Kevin Bacon on ‘The Following’ and Why He Doesn’t Want to Face Surprises in the Scripts

Kevin Bacon in The Following

“Surprise is not so important to me, though. Yes, I have to work that into Ryan, but as an actor, I don’t need that” – Kevin Bacon on The Following


Like his wife Kyra Sedgwick before him, Kevin Bacon made the jump to television with the Fox series The Following. He spoke to Vulture about whether or not the series still feels fresh to him, and why he doesn’t want to face surprises in the scripts as an actor.

Prior to The Following, Bacon was obviously best known for his movie roles, so doing an open-ended TV series was a big change for him. Though he was initially concerned the material would stop feeling fresh, Bacon admits that three seasons in he no longer has that concern. He says, “Because with every season, every episode, really, there are new challenges. And we have new writers this year, so that’s been a lot of fun, exploring that new relationship. In TV, the relationship between the writers and the actors is an important one, let’s put it that way. Sometimes it’s good, sometimes it’s bad, sometimes it’s complicated. Building that character and that arc, I can communicate with the writers and say, ‘Maybe we do it this way, or maybe we add one more scene about this.’ In TV, it’s so critical. So adding new people to the writers’ room, it’s very exciting.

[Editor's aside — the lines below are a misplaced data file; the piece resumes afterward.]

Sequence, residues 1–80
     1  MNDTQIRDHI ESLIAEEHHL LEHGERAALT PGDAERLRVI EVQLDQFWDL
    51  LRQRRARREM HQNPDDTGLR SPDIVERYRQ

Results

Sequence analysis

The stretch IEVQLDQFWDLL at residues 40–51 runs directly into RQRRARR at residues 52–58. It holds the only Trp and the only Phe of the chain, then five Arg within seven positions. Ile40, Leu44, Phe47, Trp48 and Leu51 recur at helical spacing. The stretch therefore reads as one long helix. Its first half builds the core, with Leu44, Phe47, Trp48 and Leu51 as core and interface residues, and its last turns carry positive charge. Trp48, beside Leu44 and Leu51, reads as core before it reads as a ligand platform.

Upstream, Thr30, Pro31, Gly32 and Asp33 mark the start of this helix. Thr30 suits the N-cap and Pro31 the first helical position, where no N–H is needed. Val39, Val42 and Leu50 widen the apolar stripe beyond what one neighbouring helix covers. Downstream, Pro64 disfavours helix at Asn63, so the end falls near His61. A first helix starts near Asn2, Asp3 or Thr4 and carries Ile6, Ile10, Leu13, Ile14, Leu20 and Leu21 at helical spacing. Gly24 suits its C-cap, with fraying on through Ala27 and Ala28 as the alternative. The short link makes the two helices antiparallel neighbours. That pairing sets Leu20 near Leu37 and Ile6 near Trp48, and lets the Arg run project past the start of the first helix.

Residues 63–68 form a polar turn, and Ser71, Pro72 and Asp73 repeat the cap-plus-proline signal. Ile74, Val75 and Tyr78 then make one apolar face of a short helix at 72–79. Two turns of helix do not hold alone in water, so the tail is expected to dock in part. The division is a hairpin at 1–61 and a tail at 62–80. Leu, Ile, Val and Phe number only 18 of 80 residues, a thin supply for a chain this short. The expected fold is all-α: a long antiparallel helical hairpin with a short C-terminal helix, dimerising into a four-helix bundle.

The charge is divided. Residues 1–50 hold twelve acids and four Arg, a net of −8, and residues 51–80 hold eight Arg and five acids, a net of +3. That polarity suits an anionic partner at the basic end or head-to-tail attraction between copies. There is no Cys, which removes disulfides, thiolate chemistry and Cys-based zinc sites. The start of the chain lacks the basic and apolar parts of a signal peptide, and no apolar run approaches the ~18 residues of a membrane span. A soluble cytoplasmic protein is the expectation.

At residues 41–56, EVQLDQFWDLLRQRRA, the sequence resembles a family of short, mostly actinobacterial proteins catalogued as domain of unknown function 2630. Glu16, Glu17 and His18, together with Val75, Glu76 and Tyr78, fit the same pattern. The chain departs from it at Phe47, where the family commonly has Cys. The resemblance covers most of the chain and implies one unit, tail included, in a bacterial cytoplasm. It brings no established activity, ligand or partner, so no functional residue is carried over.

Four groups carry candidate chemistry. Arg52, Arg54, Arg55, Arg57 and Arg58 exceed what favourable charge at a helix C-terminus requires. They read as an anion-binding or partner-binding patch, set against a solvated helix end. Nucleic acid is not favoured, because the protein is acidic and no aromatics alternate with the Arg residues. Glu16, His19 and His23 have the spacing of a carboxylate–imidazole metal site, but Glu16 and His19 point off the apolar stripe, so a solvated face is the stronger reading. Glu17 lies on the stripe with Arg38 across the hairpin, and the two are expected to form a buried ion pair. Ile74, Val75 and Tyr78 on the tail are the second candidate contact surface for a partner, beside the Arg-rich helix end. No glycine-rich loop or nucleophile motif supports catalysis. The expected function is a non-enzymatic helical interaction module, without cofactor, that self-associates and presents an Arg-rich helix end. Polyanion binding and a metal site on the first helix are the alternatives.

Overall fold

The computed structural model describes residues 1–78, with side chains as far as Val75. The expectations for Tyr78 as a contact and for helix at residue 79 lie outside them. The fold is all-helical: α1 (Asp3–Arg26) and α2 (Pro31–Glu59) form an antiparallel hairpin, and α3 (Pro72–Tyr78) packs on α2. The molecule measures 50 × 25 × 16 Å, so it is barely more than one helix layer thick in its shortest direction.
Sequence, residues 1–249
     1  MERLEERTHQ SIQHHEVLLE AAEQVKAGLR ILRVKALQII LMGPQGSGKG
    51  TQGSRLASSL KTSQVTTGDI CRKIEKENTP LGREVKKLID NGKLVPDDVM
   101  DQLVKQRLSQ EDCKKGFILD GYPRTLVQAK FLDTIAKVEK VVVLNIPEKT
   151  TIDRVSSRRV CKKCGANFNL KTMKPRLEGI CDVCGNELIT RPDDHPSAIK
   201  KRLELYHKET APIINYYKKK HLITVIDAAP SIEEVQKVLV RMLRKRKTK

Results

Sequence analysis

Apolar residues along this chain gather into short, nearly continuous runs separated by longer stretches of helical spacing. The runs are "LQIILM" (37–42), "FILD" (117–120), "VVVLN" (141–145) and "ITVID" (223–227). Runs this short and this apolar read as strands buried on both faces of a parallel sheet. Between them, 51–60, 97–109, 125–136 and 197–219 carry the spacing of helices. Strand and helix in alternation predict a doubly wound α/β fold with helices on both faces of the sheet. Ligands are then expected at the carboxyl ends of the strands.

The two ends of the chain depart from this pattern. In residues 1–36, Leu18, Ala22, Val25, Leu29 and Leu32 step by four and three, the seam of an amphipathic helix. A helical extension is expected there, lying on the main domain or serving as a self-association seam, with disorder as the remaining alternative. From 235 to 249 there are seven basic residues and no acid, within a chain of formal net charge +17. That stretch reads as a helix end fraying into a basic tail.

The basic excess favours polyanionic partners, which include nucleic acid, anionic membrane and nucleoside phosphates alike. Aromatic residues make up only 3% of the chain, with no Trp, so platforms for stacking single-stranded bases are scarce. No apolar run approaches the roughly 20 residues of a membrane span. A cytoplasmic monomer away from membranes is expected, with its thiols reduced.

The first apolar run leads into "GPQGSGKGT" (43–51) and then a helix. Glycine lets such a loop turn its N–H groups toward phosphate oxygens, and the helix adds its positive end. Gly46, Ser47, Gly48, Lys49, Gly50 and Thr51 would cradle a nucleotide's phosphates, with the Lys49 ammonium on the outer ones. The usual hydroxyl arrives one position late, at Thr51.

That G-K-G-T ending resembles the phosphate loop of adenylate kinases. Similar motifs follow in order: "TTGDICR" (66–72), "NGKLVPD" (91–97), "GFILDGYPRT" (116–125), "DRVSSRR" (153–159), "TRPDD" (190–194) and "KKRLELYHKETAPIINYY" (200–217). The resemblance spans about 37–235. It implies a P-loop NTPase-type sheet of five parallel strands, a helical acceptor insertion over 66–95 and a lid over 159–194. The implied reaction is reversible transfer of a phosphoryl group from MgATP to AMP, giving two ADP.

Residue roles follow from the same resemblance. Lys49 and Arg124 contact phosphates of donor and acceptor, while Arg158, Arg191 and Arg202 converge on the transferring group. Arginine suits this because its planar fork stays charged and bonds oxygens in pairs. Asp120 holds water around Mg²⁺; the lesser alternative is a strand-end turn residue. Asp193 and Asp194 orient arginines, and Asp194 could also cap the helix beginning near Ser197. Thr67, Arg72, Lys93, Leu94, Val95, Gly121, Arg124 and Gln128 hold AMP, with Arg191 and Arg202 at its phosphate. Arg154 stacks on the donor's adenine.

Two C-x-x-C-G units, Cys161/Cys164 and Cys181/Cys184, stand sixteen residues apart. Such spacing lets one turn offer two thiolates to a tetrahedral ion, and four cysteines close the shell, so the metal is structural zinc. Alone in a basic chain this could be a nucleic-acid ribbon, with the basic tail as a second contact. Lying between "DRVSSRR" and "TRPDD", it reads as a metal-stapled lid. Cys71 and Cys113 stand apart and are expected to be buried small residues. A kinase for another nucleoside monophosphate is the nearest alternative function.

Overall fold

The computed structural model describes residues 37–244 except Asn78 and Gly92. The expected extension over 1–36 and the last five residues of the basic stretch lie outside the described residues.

Though Bacon says he’s excited by the surprises coming out of the writer’s room, as an actor he doesn’t believe in surprises. He explains, “Surprise is not so important to me, though. Yes, I have to work that into Ryan, but as an actor, I don’t need that. If you’re doing Hamlet, you know what’s going to happen. So why should television be any different? That said, a lot of times with TV, they don’t tell the actors what’s going to happen. But I’ve kind of fought for that, in a way. It’s important to me. And at this point, I’m pretty clear on where things are going — and these writers, they really rise to the occasion. But also: Every episode is not written in stone. It can morph. Story lines take off, characters take on a life of their own. There’s new ground that you don’t think is ready to be mined, and then suddenly it is. And these days, even audiences will tell you where they want you to go.

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